What Are the Disadvantages of a Discretionary Trust?

With discretionary trusts, a trustee manages the trust at their sole discretion, which means they are at liberty to decide when and how to distribute trust assets to the beneficiaries. Alternatively in most trusts, a trustee manages a trust on behalf of one or more beneficiaries. Discretionary trusts also allow both discretions, to add flexibility.

As much as a trustee fully controls the assets in a discretionary trust, a trustee can only exercise legal ownership over these assets. In essence, the trust’s beneficiaries are still the beneficial owners of all assets in a discretionary trust. 

Nonetheless, if the trustee breaches their fiduciary duty or deviates from the wishes of the grantor, the trust assets may not be distributed to the beneficiaries appropriately. Consequently, the assets won’t be held in trust for the beneficiaries as initially intended. 

A discretionary trust is also irrevocable, which underscores the permanence of establishing and transferring assets into a discretionary trust. Notably, it would be wise to carefully consider your choice of trustee(s) and appoint a board of appointees to check the excesses of the trustee’s powers and privileges. Alternatively, you can choose a bank or a reputable trust company to serve as your trustee.

Also, an estate planning attorney will have to retitle any real estate covered by the discretionary trust, which means a settlor may rack up thousands in legal fees just to set up and finance the trust. It may also be pretty expensive if you factor in overall management costs and the fees payable to the trustee. 

Can a Discretionary Trust be changed?

A trustee to a fixed trust has no say on the beneficiaries or the benefits they are set to receive. On the other hand, a discretionary trust gives the trustee extensive leeway to change the discretionary trust. 

Depending on the terms put forward on the trust deed, there are a couple of ways beneficiaries can benefit from a fixed trust. For instance, the trust property may become payable to named beneficiaries upon the settlor’s death. Alternately, the trust assets may only become available to the beneficiaries when they fulfill specific conditions, such as attaining a certain age or attending college. 

Therefore, a discretionary trust is virtually the polar opposite of a fixed trust, under which a grantor retains complete control over the trust property.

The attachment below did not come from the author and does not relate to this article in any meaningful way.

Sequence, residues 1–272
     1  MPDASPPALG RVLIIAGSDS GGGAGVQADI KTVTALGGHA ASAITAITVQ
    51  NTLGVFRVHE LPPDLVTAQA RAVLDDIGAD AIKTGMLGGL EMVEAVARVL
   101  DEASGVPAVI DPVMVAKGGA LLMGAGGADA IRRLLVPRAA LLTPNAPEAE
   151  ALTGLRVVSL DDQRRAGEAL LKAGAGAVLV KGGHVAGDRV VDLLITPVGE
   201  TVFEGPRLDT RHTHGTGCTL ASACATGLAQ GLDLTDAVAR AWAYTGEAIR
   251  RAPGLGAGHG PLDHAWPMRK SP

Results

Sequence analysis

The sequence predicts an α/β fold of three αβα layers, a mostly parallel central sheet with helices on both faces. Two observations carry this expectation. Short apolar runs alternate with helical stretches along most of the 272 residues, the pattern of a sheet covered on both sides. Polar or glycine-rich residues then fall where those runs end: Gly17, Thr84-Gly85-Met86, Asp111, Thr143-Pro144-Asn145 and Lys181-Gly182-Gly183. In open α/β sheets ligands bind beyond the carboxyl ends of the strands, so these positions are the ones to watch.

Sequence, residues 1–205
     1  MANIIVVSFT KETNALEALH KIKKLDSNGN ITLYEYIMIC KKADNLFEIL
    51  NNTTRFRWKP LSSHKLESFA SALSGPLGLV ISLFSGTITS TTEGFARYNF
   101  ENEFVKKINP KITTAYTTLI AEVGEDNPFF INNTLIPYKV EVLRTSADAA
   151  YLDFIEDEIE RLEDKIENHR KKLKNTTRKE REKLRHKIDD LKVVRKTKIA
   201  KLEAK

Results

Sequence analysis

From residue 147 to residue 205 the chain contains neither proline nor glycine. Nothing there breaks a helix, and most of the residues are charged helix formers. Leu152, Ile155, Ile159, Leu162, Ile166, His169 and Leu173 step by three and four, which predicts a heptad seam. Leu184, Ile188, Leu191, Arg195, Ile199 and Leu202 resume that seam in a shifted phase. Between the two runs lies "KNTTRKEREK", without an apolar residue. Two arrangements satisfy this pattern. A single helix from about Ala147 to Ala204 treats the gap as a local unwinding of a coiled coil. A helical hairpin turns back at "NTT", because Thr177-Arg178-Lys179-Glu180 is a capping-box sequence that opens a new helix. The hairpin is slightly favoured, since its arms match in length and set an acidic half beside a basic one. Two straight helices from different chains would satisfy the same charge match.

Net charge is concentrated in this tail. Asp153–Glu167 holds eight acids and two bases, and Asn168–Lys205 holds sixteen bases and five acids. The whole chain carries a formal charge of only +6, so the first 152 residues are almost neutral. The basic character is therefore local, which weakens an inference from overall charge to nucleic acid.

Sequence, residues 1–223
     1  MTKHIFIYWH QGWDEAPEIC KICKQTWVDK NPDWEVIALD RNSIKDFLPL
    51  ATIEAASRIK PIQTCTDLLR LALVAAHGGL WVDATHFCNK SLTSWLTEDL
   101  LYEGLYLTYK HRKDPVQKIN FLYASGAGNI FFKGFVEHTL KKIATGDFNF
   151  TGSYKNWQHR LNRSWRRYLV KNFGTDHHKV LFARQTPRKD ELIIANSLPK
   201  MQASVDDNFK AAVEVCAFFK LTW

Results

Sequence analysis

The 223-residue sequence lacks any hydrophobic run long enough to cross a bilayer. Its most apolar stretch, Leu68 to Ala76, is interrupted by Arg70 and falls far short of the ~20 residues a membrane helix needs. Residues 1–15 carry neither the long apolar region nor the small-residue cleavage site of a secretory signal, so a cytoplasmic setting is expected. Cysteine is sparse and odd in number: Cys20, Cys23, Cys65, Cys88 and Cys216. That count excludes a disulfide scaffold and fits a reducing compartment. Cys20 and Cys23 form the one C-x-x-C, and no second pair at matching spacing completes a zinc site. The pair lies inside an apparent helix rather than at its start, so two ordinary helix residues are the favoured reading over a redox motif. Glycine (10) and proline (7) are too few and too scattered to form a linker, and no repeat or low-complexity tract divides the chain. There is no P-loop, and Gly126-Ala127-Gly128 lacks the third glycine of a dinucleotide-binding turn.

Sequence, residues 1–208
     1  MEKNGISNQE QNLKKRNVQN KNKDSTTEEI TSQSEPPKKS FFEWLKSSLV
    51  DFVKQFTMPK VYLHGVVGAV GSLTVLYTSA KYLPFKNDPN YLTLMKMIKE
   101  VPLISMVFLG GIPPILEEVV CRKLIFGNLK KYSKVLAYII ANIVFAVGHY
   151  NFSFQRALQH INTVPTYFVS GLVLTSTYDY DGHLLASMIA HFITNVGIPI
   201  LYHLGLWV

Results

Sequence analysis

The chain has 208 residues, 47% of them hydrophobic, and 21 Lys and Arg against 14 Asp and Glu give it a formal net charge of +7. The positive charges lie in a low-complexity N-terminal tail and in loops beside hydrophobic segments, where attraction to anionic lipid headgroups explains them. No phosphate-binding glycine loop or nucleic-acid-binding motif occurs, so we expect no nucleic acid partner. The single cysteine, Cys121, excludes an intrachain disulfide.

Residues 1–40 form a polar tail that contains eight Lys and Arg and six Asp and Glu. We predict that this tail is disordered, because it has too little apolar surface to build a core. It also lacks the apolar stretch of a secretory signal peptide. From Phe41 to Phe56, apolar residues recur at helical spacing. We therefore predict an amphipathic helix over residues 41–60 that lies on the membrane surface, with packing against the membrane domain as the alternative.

Can a Discretionary Trust Be Revoked?

As mentioned earlier, a discretionary trust is, in principle, irrevocable. Once finalized, the transfer of assets into a discretionary trust is permanent.  

Trusts are generally classified as either revocable or irrevocable trusts. While establishing a discretionary trust may seem like handing too much control to a third party, assets covered by a discretionary trust are immune from civil lawsuits filed by creditors seeking to collect debts. 

On the contrary, a revocable trust, also known as a revocable living trust, allows the settlor to exercise sole control over the trust. This way, the settlor can alter or revoke the trust depending on a change in circumstances. Moreover, a revocable trust only becomes permanent upon the settlor’s death.

What Rights Do Beneficiaries Have Under a Discretionary Trust? 

A discretionary trust allows a trustee to use their sole discretion to determine how to distribute trust assets to beneficiaries. However, beneficiaries reserve the following rights under a discretionary trust:

  • The right to be treated fairly by the trustee.
  • The right to receive payments the moment they become payable.
  • The right to request the trust’s documents from the trustee.
  • The right to appeal a trustee’s decision if they deviate from the wishes of the settlor. 

Who Enforces a Discretionary Trust? 

A trustee holds the legal title to the trust property in a discretionary trust.  The trustee has a duty to manage the property and to determine how and when the property should be distributed to the beneficiaries. 

The settlor can appoint a board of appointees to remove and appoint a new trustee if the trustee breaches their fiduciary duty or makes decisions that do not follow the settlor’s wishes.